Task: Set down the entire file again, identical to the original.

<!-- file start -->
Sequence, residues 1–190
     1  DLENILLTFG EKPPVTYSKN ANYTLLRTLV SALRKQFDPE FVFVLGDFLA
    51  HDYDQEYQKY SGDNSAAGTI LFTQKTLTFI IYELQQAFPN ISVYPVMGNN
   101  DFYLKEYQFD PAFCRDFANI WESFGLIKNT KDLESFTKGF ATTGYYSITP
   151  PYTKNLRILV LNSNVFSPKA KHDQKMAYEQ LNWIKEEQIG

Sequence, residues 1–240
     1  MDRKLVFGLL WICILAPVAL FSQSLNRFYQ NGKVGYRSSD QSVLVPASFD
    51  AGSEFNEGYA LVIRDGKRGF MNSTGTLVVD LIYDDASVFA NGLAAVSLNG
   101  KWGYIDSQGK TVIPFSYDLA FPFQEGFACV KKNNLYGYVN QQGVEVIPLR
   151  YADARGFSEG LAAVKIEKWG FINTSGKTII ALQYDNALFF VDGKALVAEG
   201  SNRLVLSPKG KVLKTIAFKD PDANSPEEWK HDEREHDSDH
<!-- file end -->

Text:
Sequence, residues 1–190
     1  DLENILLTFG EKPPVTYSKN ANYTLLRTLV SALRKQFDPE FVFVLGDFLA
    51  HDYDQEYQKY SGDNSAAGTI LFTQKTLTFI IYELQQAFPN ISVYPVMGNN
   101  DFYLKEYQFD PAFCRDFANI WESFGLIKNT KDLESFTKGF ATTGYYSITP
   151  PYTKNLRILV LNSNVFSPKA KHDQKMAYEQ LNWIKEEQIG

Sequence, residues 1–240
     1  MDRKLVFGLL WICILAPVAL FSQSLNRFYQ NGKVGYRSSD QSVLVPASFD
    51  AGSEFNEGYA LVIRDGKRGF MNSTGTLVVD LIYDDASVFA NGLAAVSLNG
   101  KWGYIDSQGK TVIPFSYDLA FPFQEGFACV KKNNLYGYVN QQGVEVIPLR
   151  YADARGFSEG LAAVKIEKWG FINTSGKTII ALQYDNALFF VDGKALVAEG
   201  SNRLVLSPKG KVLKTIAFKD PDANSPEEWK HDEREHDSDH